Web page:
Deep Dive On Corruption Cases Data In Nigeria

Corruption has been around for thousands of years as evidence provides, however in recent years, it has attracted much attention and deliberation. This recent attention can be attributed to the fact that there has been an increase in awareness as well as an increase in corruption practices. Corruption is a worldwide phenomenon, but prominent in countries of the third world, particularly in Africa. The widespread corruption is a symptom of a poorly functioning state, and a poorly functioning state can undermine economic growth.

It has been acknowledged for long, as a challenge to economic progress and democracy in Nigeria. Corruption is the canonization of fraudulence; the brazen celebration of impunity, which pollutes the ethical hygiene of a society.

Last month, we facilitated a 3-day “Deep Dive” into the database which took place on the 25th – 27th May 2020, the activity brought together Project Partners, Anti-corruption actors, Reformers and Data Experts to identify patterns, challenges, limitations, and gaps in the prosecution efforts of anti-corruption agencies as well as the Judiciary.

The price of corruption is extremely high; economic, political, social, and moral. Every aspect of life is affected by this cancer. Several industries have been eroded and as we learned on the project there is the huge impact of this worm on daily life wherein some forms of corruption like bribery have become a norm in society. Different aspects of the country’s social fabric have seen its own type of corruption viz the private sector, civil society, and the public sector (governance).

Corruption in Nigeria is as old as Nigeria. It is embedded in the ethos, practices, conduct, beliefs, sayings, culture, idiosyncrasies, and heritage of Nigeria.

The effect of corruption continues to rise and it kept on manifesting across all sector in the states of the country with collisions across the public sector to the private sectors, civil society, and all government parastatals.

It is empirical to note that corruption among all social vices in Nigeria is a colossal problem. No one can narrow bribery, fraud, and corruption to only high and mighty in Nigeria. It is present at all levels of the society from the security who is supposed to safeguard your life and property that will deny your safety until you to tip him with some amount of money, to a low-level officer of the government who will delay you or possibly deny you a service unless you pay him/her bribe, to nurse in a public hospital who will insist there is no more bed space in the hospital until you tip her with some cash.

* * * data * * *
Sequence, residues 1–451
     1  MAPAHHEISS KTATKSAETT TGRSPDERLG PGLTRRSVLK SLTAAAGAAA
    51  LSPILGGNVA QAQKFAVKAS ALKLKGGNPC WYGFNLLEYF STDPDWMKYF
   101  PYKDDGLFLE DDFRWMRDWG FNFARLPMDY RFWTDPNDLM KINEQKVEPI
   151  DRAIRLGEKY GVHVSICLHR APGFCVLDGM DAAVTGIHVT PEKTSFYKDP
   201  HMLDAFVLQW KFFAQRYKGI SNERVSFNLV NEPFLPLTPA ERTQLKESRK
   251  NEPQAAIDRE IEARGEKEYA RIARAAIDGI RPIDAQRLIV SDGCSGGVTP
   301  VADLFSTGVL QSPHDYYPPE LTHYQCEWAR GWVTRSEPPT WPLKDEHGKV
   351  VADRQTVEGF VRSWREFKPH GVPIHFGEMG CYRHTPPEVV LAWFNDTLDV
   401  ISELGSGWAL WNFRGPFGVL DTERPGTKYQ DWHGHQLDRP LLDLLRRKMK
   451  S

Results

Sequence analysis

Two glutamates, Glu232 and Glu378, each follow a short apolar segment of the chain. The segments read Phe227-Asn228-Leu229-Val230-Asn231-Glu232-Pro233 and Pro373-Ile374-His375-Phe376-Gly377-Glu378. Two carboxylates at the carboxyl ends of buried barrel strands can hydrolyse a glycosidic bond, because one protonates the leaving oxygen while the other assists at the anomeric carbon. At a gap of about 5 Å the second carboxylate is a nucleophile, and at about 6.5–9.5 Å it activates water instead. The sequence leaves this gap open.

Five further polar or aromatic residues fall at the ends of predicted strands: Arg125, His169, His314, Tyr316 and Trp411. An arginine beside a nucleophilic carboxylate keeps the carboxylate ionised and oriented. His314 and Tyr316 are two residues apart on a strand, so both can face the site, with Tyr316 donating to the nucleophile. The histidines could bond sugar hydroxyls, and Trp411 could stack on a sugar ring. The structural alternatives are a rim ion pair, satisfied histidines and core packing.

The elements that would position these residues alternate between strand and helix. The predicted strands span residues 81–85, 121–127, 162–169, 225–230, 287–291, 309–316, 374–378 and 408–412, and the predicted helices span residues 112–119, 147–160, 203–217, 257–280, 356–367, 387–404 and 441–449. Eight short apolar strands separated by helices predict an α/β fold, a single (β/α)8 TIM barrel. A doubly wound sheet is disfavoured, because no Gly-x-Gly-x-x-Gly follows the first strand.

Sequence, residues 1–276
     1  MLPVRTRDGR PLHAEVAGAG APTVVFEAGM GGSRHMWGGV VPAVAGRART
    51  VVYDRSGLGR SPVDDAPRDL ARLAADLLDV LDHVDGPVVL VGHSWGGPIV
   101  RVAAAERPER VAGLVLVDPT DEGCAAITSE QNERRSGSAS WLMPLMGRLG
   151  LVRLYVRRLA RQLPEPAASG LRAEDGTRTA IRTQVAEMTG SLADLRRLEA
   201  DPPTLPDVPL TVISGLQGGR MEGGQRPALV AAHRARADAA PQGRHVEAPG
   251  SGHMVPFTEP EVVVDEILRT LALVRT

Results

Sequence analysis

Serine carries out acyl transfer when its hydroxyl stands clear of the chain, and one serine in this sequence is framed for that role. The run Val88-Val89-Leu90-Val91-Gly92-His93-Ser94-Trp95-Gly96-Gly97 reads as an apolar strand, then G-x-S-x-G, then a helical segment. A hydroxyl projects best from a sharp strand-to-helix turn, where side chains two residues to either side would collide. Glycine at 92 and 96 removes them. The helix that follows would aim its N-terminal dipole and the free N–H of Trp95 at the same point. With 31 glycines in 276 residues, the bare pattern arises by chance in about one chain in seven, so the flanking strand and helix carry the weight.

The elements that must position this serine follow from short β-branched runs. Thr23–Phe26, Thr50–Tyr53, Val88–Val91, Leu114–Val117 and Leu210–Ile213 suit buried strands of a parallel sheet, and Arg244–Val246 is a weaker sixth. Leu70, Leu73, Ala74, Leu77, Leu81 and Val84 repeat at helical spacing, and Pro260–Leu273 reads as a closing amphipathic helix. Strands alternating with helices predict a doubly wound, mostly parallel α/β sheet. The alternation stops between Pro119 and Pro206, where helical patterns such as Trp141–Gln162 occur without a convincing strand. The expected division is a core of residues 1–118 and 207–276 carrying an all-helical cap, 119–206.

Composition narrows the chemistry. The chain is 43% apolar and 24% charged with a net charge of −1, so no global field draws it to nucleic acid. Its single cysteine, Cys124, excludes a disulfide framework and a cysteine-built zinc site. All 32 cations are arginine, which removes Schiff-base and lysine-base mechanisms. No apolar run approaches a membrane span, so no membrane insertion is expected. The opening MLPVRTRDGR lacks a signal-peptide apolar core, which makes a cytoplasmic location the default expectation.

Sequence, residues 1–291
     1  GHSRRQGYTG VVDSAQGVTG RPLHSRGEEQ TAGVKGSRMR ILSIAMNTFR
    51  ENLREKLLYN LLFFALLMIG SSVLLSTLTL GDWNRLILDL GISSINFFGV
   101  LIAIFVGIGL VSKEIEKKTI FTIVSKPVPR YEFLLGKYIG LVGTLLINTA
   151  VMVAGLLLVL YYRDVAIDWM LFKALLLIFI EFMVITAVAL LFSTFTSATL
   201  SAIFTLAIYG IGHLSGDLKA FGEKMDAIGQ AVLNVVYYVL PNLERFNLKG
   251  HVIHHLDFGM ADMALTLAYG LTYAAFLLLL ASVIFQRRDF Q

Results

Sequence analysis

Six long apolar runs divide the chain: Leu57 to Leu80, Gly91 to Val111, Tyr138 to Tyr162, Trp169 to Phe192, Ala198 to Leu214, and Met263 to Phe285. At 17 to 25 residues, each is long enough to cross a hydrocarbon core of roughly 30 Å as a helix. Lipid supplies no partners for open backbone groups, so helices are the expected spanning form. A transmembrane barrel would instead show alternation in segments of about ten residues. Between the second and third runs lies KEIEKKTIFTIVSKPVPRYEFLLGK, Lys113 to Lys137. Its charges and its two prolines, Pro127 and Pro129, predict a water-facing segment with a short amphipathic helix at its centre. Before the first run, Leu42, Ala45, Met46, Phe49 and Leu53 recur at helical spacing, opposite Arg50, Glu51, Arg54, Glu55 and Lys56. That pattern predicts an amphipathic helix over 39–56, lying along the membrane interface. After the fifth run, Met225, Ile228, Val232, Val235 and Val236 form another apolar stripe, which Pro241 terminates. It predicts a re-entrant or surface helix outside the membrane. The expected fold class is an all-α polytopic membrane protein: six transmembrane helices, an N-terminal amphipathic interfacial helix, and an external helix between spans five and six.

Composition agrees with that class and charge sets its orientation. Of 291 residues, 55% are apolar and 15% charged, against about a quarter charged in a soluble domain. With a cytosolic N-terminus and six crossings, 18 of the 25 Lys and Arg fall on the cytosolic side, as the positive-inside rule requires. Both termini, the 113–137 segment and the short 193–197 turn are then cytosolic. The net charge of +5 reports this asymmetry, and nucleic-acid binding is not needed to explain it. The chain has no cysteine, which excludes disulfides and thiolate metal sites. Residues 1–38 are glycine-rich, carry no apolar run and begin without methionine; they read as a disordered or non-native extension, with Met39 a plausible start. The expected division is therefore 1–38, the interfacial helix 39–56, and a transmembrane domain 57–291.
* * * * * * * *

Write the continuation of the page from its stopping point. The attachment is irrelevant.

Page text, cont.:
However, corruption is not only affected by the public sector, the private school that will admit a child whose parent is ready to pay to gain a chance in the admission list, compared to a student who has earned the mark after a series of studying, to banks who assist internet fraudster in moving money to and from the country.

There is hardly any industry in Nigeria not affected by corruption. There is no Nigerian who has not fallen into the temptation of corruption and fraud in one way or the other.

Corruption is widespread and is of every sort; ghost workers, rampant bribery in Universities an polytechnic, persistent oil contract scam, and also an inexhaustible list of informal corruption such as 419, oil theft, bank theft, extortion, internet fraud, bribing INEC or any electoral bodies officials, project fund embezzlement that are untraceable.

Nigeria recorded ,1729 cases on corruption in the space of 2003 and March 25, 2020, of which 1444 number of cases and 285 number of cases were discovered in the private and public sector respectively. Also, money laundering and fraud have taken the highest number between the public and private sectors accordingly.

Lagos was reported to be the state with the most cases in the prosecution stage followed by Abuja, Cross river with the most convicted cases, with the most decided cases and with the most cases on trial.

It was reported that the Federal high court has handled the highest number of cases within the 7 years with 845 cases and about 668 defendants who do not have counsel.

It is obvious that corruption cannot be eradicated completely from the country but can be alleviated to some certain level, there is no country that is totally free from corruption, but there are countries with lesser corruption.

The result from the deep dive was used to craft a report towards extensive notes and manuals for anti-corruption agencies. Anti Corruption Agencies, Civil Societies, Data Experts were in attendance.

Click here to download the full report.

Category: Event
Tags: Corruption, EFCC, ICPC, Nigeria
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